Curbing Chinese cyber espionage
May 9th, 2011
01:07 PM ET

Curbing Chinese cyber espionage

Editor’s Note: Dr. Adam Segal is the Ira A. Lipman Senior Fellow at the Council on Foreign Relations and author of Advantage: How American Innovation Can Overcome the Asian Challenge.

By Dr. Adam Segal – Special to CNN

According to public reports, over the last several months computer hackers have stolen proprietary information from DuPont, Johnson & Johnson, General Electric, RSA, Epsilon, NASDAQ, and at least a dozen other firms.  Many of these attacks have been traced back to networks in China, but it is unclear whether criminals, government agencies or some combination of the two are responsible for the attacks.

U.S State Department cables obtained by Wikileaks further describe attacks code-named Byzantine Hades on U.S. technology and defense companies that appear to be the work of China’s People’s Liberation Army.

Regardless of the source of the attacks, the United States must work independently and, when possible, cooperatively with China to reduce the threat.

Chinese cyber espionage is part of a larger effort to reduce China’s dependence on foreign technology.  Chinese leaders are unhappy with being a factory to the world.  It is too labor and energy intensive. Chinese leaders fear that Chinese firms will be trapped producing low-value components while American, Japanese and European companies dominate the high-return, intellectual-property-intensive sectors.

The desire for technological self-sufficiency is also tightly tied to concerns about national security.  As former Chinese minister of science Xu Guanhua put it in January 2006 when he unveiled a new plan designed to make the country one of the world’s leading science powers by 2020, “China still lacks capability in innovation, particularly in those strategically important areas. We would never buy or borrow the key technologies from the global leading economies.”

The move from “made in” to “innovated in” China has been pushed along by three policy instruments: industrial policy, innovation strategy, and industrial and cyber espionage.  Industrial policy involves top-down, state-directed technology programs often focused on specific sectors and the government research institutes. Innovation strategy includes more bottom-up efforts to encourage technological entrepreneurship through university-industry collaboration and small start-ups.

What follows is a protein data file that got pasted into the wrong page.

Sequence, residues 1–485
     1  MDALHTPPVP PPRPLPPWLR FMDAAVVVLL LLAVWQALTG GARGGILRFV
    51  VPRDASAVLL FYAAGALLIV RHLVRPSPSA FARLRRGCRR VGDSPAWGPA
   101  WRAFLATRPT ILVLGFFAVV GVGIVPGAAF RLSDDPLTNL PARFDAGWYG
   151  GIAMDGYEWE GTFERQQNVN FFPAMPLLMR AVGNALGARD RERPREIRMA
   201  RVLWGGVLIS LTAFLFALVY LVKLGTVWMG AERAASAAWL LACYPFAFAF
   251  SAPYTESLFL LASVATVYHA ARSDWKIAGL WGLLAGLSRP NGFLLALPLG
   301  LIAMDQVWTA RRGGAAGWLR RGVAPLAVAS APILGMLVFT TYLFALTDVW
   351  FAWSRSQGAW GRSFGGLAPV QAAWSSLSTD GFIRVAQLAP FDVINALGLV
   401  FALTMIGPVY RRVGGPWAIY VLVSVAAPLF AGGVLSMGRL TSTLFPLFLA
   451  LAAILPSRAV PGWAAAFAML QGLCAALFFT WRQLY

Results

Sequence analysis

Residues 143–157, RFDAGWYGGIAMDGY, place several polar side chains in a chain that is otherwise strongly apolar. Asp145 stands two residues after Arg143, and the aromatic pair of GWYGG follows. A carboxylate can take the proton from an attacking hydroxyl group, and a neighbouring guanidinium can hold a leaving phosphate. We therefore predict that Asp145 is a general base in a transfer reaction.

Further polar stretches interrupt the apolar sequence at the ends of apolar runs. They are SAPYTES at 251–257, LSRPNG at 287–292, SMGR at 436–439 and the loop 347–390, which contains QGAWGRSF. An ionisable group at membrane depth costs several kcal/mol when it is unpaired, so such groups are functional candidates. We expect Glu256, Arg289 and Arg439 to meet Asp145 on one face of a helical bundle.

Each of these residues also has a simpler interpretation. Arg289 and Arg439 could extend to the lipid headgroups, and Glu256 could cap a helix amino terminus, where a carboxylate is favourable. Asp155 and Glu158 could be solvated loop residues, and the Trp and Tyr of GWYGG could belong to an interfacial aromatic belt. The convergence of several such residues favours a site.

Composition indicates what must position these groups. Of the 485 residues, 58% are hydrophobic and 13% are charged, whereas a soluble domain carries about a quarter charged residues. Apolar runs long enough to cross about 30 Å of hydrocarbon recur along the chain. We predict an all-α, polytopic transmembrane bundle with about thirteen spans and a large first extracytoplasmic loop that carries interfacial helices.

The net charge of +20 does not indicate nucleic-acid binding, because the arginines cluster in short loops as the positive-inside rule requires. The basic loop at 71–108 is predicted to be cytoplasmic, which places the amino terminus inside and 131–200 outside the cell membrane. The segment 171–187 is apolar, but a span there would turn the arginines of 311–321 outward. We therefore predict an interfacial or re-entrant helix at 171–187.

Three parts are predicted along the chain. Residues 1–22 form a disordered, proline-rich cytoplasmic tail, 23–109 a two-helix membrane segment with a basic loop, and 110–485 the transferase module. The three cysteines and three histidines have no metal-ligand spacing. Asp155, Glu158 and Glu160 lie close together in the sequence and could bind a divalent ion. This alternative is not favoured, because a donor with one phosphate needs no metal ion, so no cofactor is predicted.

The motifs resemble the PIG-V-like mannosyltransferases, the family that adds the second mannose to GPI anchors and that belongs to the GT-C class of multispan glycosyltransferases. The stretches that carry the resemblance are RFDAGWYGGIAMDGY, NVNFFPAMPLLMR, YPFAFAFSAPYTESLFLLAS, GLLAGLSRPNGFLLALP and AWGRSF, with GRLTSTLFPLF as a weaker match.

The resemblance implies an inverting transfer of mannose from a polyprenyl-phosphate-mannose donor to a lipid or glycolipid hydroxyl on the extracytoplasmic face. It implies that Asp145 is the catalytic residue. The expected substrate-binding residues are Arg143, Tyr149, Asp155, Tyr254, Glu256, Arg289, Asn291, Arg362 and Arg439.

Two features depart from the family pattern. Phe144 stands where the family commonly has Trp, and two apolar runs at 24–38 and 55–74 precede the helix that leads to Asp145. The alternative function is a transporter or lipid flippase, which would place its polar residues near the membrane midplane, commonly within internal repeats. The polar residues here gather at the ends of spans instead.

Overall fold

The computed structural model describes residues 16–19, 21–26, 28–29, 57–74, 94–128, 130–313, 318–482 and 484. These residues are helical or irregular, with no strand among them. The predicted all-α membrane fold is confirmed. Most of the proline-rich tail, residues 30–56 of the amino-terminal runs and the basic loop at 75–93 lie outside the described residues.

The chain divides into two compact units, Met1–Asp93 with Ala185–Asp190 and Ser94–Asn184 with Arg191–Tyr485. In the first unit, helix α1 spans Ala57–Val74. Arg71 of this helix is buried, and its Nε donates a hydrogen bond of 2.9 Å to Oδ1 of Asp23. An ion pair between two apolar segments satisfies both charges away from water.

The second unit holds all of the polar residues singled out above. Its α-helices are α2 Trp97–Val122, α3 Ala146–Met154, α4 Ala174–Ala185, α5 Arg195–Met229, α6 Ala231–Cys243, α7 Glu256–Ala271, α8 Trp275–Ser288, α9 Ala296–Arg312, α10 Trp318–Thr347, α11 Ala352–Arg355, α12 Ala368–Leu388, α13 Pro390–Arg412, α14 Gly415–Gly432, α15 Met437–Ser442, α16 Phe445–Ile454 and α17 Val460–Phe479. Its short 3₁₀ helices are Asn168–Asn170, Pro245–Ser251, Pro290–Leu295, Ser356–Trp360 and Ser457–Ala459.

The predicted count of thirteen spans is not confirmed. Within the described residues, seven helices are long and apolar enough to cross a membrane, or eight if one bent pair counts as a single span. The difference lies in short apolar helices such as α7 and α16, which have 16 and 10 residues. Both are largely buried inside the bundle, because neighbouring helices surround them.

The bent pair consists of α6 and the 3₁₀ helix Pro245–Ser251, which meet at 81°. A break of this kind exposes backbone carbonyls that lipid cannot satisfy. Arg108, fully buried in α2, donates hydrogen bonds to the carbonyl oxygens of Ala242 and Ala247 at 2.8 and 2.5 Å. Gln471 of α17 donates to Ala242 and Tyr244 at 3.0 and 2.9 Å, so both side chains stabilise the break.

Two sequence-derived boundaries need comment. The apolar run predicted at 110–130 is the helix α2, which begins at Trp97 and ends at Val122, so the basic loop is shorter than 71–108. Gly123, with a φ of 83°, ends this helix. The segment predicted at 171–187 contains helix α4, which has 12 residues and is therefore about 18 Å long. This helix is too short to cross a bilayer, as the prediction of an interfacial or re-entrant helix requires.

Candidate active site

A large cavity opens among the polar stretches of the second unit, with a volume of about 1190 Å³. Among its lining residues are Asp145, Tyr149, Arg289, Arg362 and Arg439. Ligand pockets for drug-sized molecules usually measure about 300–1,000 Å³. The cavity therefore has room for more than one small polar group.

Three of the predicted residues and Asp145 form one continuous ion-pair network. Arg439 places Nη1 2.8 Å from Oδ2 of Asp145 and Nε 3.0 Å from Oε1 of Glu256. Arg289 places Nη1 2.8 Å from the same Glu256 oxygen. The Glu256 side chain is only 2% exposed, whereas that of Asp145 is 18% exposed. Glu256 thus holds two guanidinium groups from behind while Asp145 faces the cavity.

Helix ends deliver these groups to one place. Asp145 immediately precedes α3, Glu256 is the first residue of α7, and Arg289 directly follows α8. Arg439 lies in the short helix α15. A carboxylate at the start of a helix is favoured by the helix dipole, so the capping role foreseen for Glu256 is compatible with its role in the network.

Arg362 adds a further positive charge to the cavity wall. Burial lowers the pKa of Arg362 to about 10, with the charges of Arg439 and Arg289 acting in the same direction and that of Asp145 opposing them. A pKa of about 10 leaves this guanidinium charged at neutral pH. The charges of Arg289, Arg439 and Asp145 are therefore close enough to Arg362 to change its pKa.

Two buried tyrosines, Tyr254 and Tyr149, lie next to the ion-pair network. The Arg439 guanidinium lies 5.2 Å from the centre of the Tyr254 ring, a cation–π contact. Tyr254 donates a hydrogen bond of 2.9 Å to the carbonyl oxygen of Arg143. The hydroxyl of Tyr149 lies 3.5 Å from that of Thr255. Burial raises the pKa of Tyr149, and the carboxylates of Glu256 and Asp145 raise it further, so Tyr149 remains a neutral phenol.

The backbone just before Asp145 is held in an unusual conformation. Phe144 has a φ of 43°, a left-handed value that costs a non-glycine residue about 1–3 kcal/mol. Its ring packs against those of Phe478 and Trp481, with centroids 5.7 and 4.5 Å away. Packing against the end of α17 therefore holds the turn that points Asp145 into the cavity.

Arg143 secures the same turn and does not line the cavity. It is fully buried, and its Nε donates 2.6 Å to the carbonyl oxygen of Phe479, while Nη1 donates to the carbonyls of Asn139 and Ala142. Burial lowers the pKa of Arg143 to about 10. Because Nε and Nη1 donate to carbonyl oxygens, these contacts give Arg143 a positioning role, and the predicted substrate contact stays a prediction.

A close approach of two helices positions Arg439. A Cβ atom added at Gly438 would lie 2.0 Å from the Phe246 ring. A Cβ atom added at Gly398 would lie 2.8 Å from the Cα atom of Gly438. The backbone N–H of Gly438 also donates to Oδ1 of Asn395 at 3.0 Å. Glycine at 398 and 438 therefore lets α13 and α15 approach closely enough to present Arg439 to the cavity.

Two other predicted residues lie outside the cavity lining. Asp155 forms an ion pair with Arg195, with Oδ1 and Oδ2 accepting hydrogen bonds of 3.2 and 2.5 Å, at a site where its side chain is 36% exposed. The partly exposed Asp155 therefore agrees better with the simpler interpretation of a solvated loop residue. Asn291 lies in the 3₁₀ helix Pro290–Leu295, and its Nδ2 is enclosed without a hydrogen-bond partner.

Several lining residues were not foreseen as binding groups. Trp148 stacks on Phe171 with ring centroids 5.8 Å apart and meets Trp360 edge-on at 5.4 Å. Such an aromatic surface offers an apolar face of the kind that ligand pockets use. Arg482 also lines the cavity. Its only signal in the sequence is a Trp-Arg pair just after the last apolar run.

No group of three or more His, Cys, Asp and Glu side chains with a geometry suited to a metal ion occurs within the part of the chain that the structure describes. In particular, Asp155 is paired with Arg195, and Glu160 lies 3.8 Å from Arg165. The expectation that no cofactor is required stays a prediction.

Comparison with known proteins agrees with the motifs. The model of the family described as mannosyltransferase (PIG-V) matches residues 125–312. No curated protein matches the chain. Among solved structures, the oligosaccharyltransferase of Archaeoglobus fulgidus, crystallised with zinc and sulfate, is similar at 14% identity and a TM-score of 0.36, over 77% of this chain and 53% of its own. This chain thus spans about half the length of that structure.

Cyber espionage is a concerted effort to steal all types of high-value technologies.  Cyber attacks are becoming more pervasive and often rely on spear phishing - targeted emails that trick recipients into clicking on bad links or attachments.

Efforts to raise the issue of hacking directly with Chinese policymakers have generally elicited two responses.  There is a Captain Renault-like response that Beijing is “shocked, shocked” that this could happen since hacking is illegal in China.

Other policymakers complain, with some justification, that China is itself victim to cyber attacks, many of them appearing to originate in the United States.  The People’s Daily, for example, cites a 2006 report that the approximately 27,000 Trojan horse attacks on China came mainly from the United States.

Still it may be possible to shift Chinese decision makers’ view on the utility of cyber attacks.  The security researcher Dillon Beresford’s announcement that he successfully entered the networks of central ministries and provincial governments as well as the People’s Liberation Army and universities can only heighten the sense of mutual vulnerability that Chinese and American policymakers must feel.  Cooperative efforts, like the FBI dispatching a cyber security expert to cooperate with Chinese authorities on investigations, are an important first step to building trust between the two sides on criminal hacking.

The United States may also be able to appeal to those who want China to become more innovative but think industrial policy and cyber espionage are counterproductive.  Advocates of innovation strategy fear state-led efforts will lead to the isolation of the Chinese market, further inhibiting technological development.

This innovation-strategy faction should be sympathetic to similar arguments about the deleterious effects of cyber espionage on Chinese innovation capabilities.  In fact, dependence on foreign secrets is likely to lessen the ability (and desire) of Chinese firms to push the technological envelope.